Australian jobs data revealed an increase of 9.1k in employment evenly split between full time and part time jobs and a surprise drop in the unemployment rate to 5.6%. The headline increase in employment was below consensus. Moreover, there was a marginal drop in the participation rate which helped to push the unemployment rate lower. On balance, the data will leave the AUD unperturbed, with the AUD/USD likely to remain supported over the short term. AUD/USD looks primed to test resistance around the 0.9530.

Asian currencies are on the back foot in the face of a slightly firmer USD. KRW will be in focus, with the Bank of Korea delivering an unchanged policy outcome but revising lower its growth and inflation forecasts. Against this background KRW appreciation looks overdone and appears to face strong resistance on any breach down to USD/KRW 1070. Nonetheless, downside risks will be limited. Encouragingly Korea has been a major beneficiary of the prospects of a delayed Fed tapering, with the country recording a strong return of equity portfolio flows over recent weeks

Bracing for a world without steroids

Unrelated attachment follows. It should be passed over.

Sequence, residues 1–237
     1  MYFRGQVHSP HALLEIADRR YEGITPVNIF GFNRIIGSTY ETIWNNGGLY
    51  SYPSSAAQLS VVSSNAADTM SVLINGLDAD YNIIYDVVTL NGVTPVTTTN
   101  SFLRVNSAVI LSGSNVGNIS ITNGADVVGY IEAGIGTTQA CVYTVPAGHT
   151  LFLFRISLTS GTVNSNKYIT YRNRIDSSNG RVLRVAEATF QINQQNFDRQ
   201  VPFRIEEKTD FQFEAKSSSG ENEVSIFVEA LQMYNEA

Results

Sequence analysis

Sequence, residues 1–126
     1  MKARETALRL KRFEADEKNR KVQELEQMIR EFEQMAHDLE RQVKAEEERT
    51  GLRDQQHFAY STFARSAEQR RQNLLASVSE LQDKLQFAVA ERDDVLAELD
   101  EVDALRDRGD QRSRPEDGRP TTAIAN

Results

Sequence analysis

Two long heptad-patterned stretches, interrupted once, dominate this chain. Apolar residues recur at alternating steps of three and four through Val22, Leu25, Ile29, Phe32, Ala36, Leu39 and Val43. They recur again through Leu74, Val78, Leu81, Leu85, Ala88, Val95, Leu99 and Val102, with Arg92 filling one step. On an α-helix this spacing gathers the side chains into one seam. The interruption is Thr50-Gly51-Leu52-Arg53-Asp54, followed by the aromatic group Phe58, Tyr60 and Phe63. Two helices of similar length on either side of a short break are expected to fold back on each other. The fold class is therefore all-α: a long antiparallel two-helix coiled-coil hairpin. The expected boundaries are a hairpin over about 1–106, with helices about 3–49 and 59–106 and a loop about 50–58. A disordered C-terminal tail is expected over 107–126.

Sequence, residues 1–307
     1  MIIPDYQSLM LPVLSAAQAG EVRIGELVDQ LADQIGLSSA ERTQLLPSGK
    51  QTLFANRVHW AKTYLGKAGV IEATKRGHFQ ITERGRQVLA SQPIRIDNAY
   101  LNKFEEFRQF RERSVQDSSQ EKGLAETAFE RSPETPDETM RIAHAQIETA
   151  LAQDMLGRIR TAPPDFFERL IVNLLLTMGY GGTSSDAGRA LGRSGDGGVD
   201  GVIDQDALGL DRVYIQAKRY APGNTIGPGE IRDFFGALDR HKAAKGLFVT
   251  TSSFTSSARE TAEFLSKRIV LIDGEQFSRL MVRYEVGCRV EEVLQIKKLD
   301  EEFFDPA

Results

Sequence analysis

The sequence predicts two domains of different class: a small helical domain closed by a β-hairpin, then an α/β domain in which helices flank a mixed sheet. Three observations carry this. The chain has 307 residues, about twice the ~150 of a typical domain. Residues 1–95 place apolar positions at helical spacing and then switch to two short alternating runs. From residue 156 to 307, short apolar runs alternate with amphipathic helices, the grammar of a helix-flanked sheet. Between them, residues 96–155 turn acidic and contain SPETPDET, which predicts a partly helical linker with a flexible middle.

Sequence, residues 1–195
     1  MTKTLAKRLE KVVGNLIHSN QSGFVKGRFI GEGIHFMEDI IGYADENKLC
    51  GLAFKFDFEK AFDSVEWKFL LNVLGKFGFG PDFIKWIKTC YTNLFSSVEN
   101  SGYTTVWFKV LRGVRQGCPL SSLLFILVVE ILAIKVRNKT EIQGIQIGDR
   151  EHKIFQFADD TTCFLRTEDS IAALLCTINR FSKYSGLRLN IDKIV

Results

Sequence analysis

The sell off of risk assets in the wake of the Fed’s surprisingly direct FOMC communication continues unabated. Hopes that Fed chief Bernanke would attempt to assuage market concerns about tapering have been blown apart and instead the reality of forthcoming tapering continues to bite leading to higher US yields, weaker stocks and commodities and a firmer USD. In fact the USD appears to have finally re-established its positive relationship with yields and risk aversion.

The situation hasn’t been helped by the fact that data out of China has disappointed while local money market rates had risen sharply this week. Separately Japan’s reform momentum appears to have stalled ahead of Upper House elections as Prime Minister Abe’s third arrow missed target.

In combination these factors mean that markets are bracing for the day that they no longer have steroid injections to keep them going. Instead fundamentals will become important to sustain gains in risk assets. Why should anyone be surprised? US growth is recovering and at some point tapering has to occur. Unfortunately risk assets were just not ready for this revelation.